THE BIRTHPLACE OF CIVILIZATION
The Middle East—the western portion of Asia, connecting it to Africa and Europe—includes the Anatolian Peninsula: Turkey; lands of Persia and the area surrounding early Mesopotamia (between the Tigris and Euphrates Rivers): Iraq, Syria and Iran; the Holy Lands: Lebanon, Israel, Jordan; the Arabian Peninsula (flowing into Egypt): Saudi Arabia, Kuwait, Bahrain, Qatar, UAE, Oman and Yemen.
Early farming practices, which developed in Mesopotamia due to the harsh climate and fertile soil, lead to the first civilizations: the ancient Sumerians and Assyrians. The region has long been a passage for trade routes between the continents.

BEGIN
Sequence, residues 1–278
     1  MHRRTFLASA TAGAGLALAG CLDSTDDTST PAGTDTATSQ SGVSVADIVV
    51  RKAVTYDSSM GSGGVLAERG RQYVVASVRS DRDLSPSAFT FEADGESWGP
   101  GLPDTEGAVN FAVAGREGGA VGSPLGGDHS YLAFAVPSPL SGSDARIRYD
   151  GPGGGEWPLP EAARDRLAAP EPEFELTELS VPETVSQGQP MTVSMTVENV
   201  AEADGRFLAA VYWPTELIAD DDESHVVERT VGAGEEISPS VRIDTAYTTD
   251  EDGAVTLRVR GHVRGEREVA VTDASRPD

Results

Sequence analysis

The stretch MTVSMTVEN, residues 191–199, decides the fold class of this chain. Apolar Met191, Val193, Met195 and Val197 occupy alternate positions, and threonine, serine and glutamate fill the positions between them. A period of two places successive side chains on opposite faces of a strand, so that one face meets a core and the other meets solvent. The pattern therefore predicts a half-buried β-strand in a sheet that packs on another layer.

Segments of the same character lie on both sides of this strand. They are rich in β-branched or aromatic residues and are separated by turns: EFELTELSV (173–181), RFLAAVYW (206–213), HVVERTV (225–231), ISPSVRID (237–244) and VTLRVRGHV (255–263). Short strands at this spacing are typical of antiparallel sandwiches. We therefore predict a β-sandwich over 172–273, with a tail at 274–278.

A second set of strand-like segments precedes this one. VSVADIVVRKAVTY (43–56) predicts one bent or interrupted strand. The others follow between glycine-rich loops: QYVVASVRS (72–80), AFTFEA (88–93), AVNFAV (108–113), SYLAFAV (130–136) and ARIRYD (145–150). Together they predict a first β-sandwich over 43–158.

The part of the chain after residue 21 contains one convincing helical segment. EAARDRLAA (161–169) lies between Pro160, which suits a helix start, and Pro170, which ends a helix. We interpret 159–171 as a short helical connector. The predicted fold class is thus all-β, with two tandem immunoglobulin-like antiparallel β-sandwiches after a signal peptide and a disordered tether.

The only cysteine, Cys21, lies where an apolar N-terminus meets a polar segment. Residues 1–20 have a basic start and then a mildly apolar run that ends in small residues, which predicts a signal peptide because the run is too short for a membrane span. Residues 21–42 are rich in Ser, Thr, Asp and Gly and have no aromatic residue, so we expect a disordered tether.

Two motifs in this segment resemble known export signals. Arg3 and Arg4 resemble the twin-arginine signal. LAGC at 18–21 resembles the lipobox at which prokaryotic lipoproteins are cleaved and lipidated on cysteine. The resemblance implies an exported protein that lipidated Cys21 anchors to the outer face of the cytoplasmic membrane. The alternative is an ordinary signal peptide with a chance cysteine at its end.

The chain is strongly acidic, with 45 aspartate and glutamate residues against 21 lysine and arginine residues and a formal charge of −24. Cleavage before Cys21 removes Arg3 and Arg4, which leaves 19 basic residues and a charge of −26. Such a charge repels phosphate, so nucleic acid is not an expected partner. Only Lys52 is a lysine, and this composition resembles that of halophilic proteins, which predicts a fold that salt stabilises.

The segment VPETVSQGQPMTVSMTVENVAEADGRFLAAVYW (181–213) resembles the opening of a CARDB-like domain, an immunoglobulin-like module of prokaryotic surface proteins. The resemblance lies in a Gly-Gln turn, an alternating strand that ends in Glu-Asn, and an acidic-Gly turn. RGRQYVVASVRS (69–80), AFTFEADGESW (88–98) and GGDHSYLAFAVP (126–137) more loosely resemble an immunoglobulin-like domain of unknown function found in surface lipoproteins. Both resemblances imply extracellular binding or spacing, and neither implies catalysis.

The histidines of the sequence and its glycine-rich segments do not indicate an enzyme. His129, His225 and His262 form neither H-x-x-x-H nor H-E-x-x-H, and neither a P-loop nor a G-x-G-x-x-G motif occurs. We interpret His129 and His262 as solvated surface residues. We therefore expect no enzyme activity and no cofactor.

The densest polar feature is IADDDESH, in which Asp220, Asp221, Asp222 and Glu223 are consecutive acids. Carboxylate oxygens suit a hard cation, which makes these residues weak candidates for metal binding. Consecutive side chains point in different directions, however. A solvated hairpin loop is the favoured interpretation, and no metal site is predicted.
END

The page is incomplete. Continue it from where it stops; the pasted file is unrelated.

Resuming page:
The Abrahamic monotheistic religions of Judaism, then Christianity, and later Islam, trace their roots to the Holy Lands along the Mediterranean Sea. The spread of Islam is reflective in much of the culture throughout the area: Muslim architecture, calls to prayer heard throughout the day, styles of design and dress, food and spices, and a visible connection to mathematics and nature in design.
Islam is an Arabic word which means “surrender, submission, commitment and peace.”
—United Religions Initiative